Four years after new charges were announced against R&B superstar R. Kelly, Cook County State’s Attorney Kim Foxx announced Monday that her office will not be releasing the cases. in court because of the “resource worship” and the fact that Kelly is facing many years in federal prison. prison.
The county charges, all of which accuse Kelly of sexual assault or assault, were filed against the singer in February 2019, shortly after the Lifetime docuseries “Surviving R. Kelly” aired. ” which revived interest in the years of allegations swirling around Kelly and prompted Foxx to make a personal plea for the accusers to come forward.
At a news conference Monday at the Cook County Administration Building, the same place where he made that unusual outreach to victims, Foxx said the charges would be dismissed in the Tuesday morning during Kelly’s originally scheduled arraignment at the Leighton Criminal Court Building.
Because Kelly faces years in prison on various federal charges, Foxx said his office decided “not to spend our limited resources and judicial time” pursuing his own cases. .
“I want to point out that when we brought these charges, we brought them because we believe the allegations are credible, and we believe they should have the opportunity to hear the allegations,” said Foxx.
According to Foxx, those who prosecuted Kelly “should be commended for their bravery and their continued pursuit of justice no matter how long it took”.
There have been weeks of speculation that the cases will be dropped, especially after a series of court situations before Associate Justice Lawrence Flood came in and there was no progress in the trial.
Foxx, who is a self-described survivor of sexual assault, said his office made the decision after consulting with the victims in each of the four cases. Their responses were mixed, he said. Some were also involved in federal cases, and are satisfied with the outcome, especially the failure of the process of government cases.
“For those who have not had the opportunity to put their hands on the Bible, or who have felt for the past 20 years that their pain is not recognized, this is certainly a sad day for them,” Foxx said, noting one woman. was very sad to know that he will not get his day in court.
“His pain and his case are no less important than others,” Foxx said, noting that officials brought the charges because they believed the allegations.
In an exclusive interview Monday night, Lanita Carter – the woman at the center of one of the Cook County charges – said she believes she is the woman Foxx was referring to.
Carter told police in 2003 that Kelly had seriously damaged her head when she came in to get her hair braided. No charges were brought at that time. And when he found out that the prosecution had canceled the charge of 2019, he was very sad, he said.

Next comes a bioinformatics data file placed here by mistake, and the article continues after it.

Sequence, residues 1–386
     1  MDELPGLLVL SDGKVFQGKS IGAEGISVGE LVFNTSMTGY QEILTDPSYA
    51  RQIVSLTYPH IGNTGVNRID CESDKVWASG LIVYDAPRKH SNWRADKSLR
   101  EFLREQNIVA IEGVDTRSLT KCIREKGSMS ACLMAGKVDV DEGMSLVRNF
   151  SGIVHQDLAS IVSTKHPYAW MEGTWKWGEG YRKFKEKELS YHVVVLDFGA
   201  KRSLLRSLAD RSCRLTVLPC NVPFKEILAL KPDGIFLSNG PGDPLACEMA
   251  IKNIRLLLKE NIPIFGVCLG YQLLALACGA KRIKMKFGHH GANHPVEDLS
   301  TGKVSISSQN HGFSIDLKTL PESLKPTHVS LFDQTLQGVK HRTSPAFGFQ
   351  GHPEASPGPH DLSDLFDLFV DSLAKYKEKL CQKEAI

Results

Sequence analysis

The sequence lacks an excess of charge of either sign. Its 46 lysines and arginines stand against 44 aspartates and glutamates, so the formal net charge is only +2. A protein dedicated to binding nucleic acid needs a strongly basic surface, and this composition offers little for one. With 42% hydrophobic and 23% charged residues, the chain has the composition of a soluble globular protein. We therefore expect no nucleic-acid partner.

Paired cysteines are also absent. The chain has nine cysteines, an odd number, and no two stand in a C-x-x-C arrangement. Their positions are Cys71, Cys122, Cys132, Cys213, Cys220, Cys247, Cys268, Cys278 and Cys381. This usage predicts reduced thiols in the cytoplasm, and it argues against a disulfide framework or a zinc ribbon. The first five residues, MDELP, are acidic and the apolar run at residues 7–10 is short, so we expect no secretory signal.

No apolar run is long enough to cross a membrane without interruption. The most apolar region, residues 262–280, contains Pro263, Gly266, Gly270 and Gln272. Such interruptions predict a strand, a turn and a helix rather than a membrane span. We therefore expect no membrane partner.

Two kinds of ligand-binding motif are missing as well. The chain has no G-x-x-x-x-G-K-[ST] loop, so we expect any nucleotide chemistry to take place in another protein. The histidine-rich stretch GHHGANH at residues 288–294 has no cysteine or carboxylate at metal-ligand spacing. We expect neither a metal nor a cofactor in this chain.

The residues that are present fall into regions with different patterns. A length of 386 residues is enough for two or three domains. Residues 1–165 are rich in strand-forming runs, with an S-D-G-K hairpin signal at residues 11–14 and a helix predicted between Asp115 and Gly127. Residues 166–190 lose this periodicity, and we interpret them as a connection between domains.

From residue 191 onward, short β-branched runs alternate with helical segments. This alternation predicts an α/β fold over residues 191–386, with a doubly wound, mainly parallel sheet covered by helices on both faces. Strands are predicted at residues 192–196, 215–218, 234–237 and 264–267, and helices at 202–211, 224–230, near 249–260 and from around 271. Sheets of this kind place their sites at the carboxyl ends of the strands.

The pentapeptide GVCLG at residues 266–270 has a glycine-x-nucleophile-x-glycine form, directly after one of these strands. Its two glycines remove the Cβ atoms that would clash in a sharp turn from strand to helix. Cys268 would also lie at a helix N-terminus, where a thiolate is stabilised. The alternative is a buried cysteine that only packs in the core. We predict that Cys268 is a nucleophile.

“It made me feel very low. And really, it made me feel like I didn’t matter anymore, like I didn’t exist in 2003. I wanted to be important this time,” he said. “And I spoke up because I believed that everyone would do something, and I felt strong. And it didn’t happen to me.”
“If you believe in me, then you will fight for me. If you believe in me, you will advocate for me,” he said.
Kelly’s attorney, Steven Greenberg, said he was pleased with Foxx’s decision, but it reinforced his belief that the charges were an inappropriate response to a one-sided television show at the height of the #MeToo movement.
“As I say every day, I don’t think these charges should have been brought in the first place,” Greenberg said. “I think these issues were exposed. The idea of asking for victims was not good and should not have happened.”
Jennifer Bonjean, one of Kelly’s attorneys, said that taking him to court in Cook County – especially in cases involving the victims himself and behavior that he has already been convicted of federal, will increase.
“You are only given one life,” he said. “I think it’s a good use of the prosecutor’s discretion.”
Kelly, 56, who remains in custody at the Metropolitan Correctional Center in the Loop, is not expected to appear in court if the charges are dismissed Tuesday.
The district’s case made international headlines when it was published four years ago. He was mobbed by reporters as he turned himself in to the Central District police station, and fans played his music as they waited for him to be released from prison. After he was released, Kelly gave his famous interview with Gayle King on “CBS This Morning,” and journalists began writing blogs and publishing all parts of the case against him.
But the timing of the charges soon took a back seat to a pair of federal investigations by US attorneys’ offices in New York and Chicago that led to separate indictments announced in July 2019.